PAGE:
What exactly does Ed Miliband think it means to be a ‘working person’?

There is no one type of ‘working person', and it’s an indictment of our politics that such an obvious point has to be made.

There is no one type of ‘working person’, and it’s an indictment of our politics that such an obvious point has to be made

A Labour politician tweets a picture of a house with three England flags and a white van in the driveway. The Labour leader sacks said politician and takes to The Mirror to declare, rather desperately, that Labour is still ‘the party of working people’.

Unfortunately for Miliband, the fact that he thought this was a proportionate and normal reaction to Emily Thornberry’s tweet merely highlights what he wanted to conceal.

It shows his profound disconnection from those who might once have been described as working class (an expression that is now eschewed in favour of ‘working people’, presumably because of its socialist connotations).

Miliband could simply have said that he disagreed with the (inferred) criticism contained in Thornberry’s tweet and that people should be able to fly the English flag with pride and without reproach.

Instead he felt that the tweet was an attack on the values and practices of ‘working people’. All of them.

“The Labour Party was founded as the party of working people,” he wrote. “We are the party of working people. And we will always remain the party of working people. That is why I was furious at the tweet by Emily Thornberry…”

It certainly seems to be more common to see England flags in poorer areas than in more affluent ones. But outside a major international sporting event, observation would suggest that only a small minority of people choose to fly the St George Cross.

It is not only patronising to suggest that all working people have similar values (are all working people the same to you, Ed?!), it betrays the type of sweeping generalisation that can only be made from a position of ignorance.

Dan Ware, the owner of the house in question, is no more typical of ‘working people’ than Emily Thornberry is of millionaire homeowners. There will be many so-called working people who are not nationalistic and who wouldn’t fly an England flag, especially during a by-election where the candidate tipped to win has spoken favourably about repatriation of migrants.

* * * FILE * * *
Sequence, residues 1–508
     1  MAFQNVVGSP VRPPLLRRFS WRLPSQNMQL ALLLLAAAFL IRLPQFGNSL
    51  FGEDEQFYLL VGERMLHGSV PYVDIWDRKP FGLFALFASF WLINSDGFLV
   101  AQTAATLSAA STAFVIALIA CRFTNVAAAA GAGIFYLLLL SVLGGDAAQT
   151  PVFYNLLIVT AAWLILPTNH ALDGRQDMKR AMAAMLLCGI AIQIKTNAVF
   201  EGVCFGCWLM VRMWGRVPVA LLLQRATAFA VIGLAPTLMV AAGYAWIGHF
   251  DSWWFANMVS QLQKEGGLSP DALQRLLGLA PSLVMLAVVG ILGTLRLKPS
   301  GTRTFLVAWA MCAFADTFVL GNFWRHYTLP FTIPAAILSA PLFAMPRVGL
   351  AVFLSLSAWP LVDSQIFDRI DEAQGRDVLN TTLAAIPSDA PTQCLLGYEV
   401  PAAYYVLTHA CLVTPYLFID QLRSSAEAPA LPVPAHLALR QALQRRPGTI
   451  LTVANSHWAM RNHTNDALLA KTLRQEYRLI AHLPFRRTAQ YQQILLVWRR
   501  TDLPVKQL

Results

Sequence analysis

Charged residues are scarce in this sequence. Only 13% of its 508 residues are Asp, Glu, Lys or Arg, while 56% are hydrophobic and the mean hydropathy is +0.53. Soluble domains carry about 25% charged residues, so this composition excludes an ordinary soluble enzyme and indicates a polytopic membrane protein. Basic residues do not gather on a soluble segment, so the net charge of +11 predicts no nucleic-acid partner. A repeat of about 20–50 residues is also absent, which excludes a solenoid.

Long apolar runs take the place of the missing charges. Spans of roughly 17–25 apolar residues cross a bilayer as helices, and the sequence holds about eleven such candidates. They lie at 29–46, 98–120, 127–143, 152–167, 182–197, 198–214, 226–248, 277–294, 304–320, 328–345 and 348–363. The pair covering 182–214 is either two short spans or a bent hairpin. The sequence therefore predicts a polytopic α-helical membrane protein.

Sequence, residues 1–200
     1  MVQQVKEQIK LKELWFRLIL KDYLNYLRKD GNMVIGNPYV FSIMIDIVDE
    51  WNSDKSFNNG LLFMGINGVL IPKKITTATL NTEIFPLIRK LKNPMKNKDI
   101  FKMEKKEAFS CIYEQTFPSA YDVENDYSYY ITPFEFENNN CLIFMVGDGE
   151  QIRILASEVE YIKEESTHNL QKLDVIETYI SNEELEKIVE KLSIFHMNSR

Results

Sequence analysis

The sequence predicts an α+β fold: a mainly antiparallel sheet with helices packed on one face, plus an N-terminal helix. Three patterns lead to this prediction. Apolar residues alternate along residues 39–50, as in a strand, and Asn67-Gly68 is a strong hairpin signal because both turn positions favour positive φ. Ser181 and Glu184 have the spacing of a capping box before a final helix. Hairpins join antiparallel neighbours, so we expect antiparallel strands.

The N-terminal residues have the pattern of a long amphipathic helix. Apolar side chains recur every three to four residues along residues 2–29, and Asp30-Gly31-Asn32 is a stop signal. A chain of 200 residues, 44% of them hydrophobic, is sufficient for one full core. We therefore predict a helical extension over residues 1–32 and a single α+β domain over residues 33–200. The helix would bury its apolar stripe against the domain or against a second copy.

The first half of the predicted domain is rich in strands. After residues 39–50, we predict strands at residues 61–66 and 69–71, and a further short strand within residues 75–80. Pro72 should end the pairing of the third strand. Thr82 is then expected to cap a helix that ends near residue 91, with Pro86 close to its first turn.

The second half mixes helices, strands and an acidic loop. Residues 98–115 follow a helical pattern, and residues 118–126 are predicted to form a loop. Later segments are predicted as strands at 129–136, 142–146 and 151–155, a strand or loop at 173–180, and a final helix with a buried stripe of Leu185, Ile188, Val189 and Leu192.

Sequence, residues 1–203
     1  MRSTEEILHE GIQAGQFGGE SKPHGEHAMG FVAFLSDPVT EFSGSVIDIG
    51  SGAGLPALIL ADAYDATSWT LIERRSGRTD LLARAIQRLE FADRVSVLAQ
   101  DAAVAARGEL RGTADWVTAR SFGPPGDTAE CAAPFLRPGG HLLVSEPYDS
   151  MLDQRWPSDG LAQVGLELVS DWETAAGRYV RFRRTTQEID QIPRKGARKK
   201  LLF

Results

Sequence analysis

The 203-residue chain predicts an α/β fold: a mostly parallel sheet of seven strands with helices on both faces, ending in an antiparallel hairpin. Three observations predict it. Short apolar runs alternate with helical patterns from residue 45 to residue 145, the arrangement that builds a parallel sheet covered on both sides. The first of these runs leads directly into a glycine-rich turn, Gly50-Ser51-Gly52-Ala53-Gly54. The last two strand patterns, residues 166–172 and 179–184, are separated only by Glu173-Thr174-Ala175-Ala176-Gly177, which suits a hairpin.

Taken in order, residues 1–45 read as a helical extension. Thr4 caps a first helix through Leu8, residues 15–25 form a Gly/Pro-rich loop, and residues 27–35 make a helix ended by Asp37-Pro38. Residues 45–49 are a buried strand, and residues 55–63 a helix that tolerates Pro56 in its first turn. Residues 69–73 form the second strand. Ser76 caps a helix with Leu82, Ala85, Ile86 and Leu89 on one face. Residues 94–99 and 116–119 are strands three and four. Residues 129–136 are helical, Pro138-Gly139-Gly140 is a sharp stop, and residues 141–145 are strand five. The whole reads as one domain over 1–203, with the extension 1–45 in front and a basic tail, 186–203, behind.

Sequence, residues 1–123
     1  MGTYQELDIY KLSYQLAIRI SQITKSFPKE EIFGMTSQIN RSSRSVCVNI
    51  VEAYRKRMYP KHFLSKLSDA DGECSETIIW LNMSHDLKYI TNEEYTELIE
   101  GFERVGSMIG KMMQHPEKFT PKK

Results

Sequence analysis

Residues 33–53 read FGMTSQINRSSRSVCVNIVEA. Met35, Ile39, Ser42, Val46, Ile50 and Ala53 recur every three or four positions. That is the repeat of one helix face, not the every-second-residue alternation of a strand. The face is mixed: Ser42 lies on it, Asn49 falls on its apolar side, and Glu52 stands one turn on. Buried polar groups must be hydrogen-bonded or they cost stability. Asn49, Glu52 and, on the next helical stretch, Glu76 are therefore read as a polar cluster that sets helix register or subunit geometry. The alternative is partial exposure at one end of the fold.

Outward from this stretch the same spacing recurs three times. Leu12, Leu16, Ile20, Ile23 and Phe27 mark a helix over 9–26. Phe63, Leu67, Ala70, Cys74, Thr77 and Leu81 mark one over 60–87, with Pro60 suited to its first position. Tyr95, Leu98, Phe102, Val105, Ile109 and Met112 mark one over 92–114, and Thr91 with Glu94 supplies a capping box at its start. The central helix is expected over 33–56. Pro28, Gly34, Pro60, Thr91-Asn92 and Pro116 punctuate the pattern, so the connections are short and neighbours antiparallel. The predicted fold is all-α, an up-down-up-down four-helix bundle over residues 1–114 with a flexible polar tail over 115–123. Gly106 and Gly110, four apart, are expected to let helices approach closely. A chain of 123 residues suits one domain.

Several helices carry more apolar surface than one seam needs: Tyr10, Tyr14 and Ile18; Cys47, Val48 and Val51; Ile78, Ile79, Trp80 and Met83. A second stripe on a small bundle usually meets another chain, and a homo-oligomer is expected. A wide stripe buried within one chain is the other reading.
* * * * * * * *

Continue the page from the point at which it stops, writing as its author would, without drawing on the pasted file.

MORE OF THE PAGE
There are millions of people in this category of ‘working people’, people with different jobs, backgrounds and cultures. There is no one type of ‘working person’ or uniform working class culture, and it’s an indictment of our politics that such an obvious point has to be made.

Annie Powell is a contributing editor at Left Foot Forward. Follow her on Twitter

20 Responses to “What exactly does Ed Miliband think it means to be a ‘working person’?”

  1. madasafish

    “It certainly seems to be more common to see England flags in poorer areas than in more affluent ones”

    I walk past a house every day which flies the flag of Saint George on a 10 meter high flagpole(!).

    The owner is likely to be as rich as Ed Miliband…

  2. swat

    The fact is that everyone that produces a product whether tangib;le or iintellectual or otherwise is a worker. you don’t have to be just a plumber or a construction worker to be a worker. People who write are workers so are people who attend meetings one after another or people who serve behind the bar or clean offices. Just because you dint get your hands dirty doesn’t mean you’re not a worker. You don’t have to produce widgets just to be a worker, something the Unions need to comprehend. Taxi drivers are workers and so are farmers and so are receptionists.

  3. GhostofJimMorrison

    If Ed hadn’t gone on the defensive in the Mirror he would have been accused of abandoning the working classes. It was right the snob Thornberry went. Let’s leave it at that and move on.

  4. David Brede

    Surely the problem is that ordinary people do show their loyalty to their country. Ed clearly gets that but Emily thought it was strange. I wonder what she would make of a red dragon outside a Welsh families house?

    It is time to visibly reconnect with our roots. Go to the workplaces, get to the community centres and show what we really care about.

  5. Norfolk29

    Are you sure you are not taking this incident too seriously? The Guardian is also full of the rants of intellectuals who should know better. I have friends who divide those who fly one English Flag from their car during the world cup from those who fly two as “someone in need of something better to do” and “someone in desperate need of something better to do”. I have removed the expletives. In my opinion the main reason people fly the flag is to reinforce their own sense of identity because of fear that this is under threat. And it is under threat from low wages, bad housing, lack of school places, lack of local libraries and the general Americanisation of working conditions in the UK, especially for those who are involved in low skill trades. Our politicians are totally responsible for this, starting with Thatcher and continuing ever since, through Major, Blair, Brown and Cameron. Another 20 years of this and the riots in Ferguson, St. Louis will be as common in the UK as they are in America. It is called Globalisation and they waive their hands in the air and protest that there is nothing they can do. What they mean is that there is nothing they will do as it would require them to start to stand up to the banks and big business and they are afraid of them, for good reason.

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